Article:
Those of the ENTJ personality type are born leaders. They are direct, assertive, and uninhibited. They can become frustrated and impatient when things don’t unfold according to their expected plan or time frame, evoking notions of the “Type-A” personality. In the presence of ENTJs, others may feel they are somehow being hurried or rushed, that the ENTJ wants them to “cut to the chase.”
Like ESTJs, ENTJs are firm, direct, and outwardly opinionated. At times, they may be seen as harsh, blunt, or insensitive. Despite outer confidence and imposing presence, they are, on the whole, no more inwardly secure nor sure of themselves than other types. In fact, because their inner Judging function (Fi) is inferior, they may feel they have relatively little inner control. Finding inner control elusive, they naturally turn their focus outwardly, hoping that achieving outer order and control will bring them inner calm and security. Of course, controlling the outside world is rarely an easy task, contributing to ENTJs’ propensity for restlessness and hypervigilance.
Unlike ENFJs, ENTJs don’t enjoy ready access to the interpersonal benefits conferred by Extraverted Feeling. Instead, they rely on their sense of humor, fueled by their auxiliary function, Introverted Intuition (Ni), to ingratiate themselves to others. ENTJs can be great showmen and storytellers. Undeterred by conflict or controversy (they actually like being seen as edgy or provocative), they like to push the envelope, which not infrequently results in someone feeling hurt or offended.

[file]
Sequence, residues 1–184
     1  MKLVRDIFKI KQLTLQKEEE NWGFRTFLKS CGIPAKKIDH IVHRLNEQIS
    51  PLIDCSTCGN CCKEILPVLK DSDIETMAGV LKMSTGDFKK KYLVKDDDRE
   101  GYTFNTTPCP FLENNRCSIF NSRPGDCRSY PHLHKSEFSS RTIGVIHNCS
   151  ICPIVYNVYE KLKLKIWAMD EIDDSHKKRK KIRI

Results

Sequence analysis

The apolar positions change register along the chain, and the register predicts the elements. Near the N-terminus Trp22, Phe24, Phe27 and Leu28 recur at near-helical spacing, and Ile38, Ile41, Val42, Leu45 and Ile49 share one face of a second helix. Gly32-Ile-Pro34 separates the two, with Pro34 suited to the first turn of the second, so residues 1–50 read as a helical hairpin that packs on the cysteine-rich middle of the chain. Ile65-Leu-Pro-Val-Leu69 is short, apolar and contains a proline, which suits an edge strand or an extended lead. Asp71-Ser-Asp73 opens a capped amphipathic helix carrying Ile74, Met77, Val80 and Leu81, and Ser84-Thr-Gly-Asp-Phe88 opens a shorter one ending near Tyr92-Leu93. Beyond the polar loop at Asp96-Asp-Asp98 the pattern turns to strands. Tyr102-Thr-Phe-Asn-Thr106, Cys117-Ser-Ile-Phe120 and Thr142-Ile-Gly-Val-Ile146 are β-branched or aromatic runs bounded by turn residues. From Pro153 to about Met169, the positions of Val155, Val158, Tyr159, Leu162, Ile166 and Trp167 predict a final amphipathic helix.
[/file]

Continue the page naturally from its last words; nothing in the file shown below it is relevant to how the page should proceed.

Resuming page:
While ENTJs can be quite funny when the time is right, they are, on the whole, quite serious in the approach to life. Their dominant function, Extraverted Thinking (Te), confers a strong work orientation. As we will shortly explore in greater depth, Te seeks to impose order, rationality, and efficiency on the world and its operations. Therefore, like INTJs, ENTJs are often drawn to science, or can at least appreciate the value of its standardized methods. One of the hallmarks of Te is its need for everything to be clearly defined, measurable, and quantifiable. This, in combination with their love for strategy and competition, can make ENTJs formidable strategists and executives. ENTJs are commonly found among CEOs heading for-profit companies.
Wealth and social status can also be motivating factors for ENTJs. This can be seen as deriving, at least in part, from their tertiary function, Extraverted Sensing (Se). Despite their status as Intuitives, ENTJs love worldly things. They are not opposed to owning high-end homes or taking extravagant vacations, just as long as these things are written into the Te budget. So while ENTJs certainly like to work hard, they can also play hard.
ENTJ Personality Type Development & Functional Stack
ENTJs’ functional stack is composed of the following functions:
Dominant: Extraverted Thinking (Te)
Auxiliary: Introverted Intuition (Ni)
Tertiary: Extraverted Sensing (Se)
Inferior: Introverted Feeling (Fi)
ENTJs’ type development can be broadly conceived according to three phases: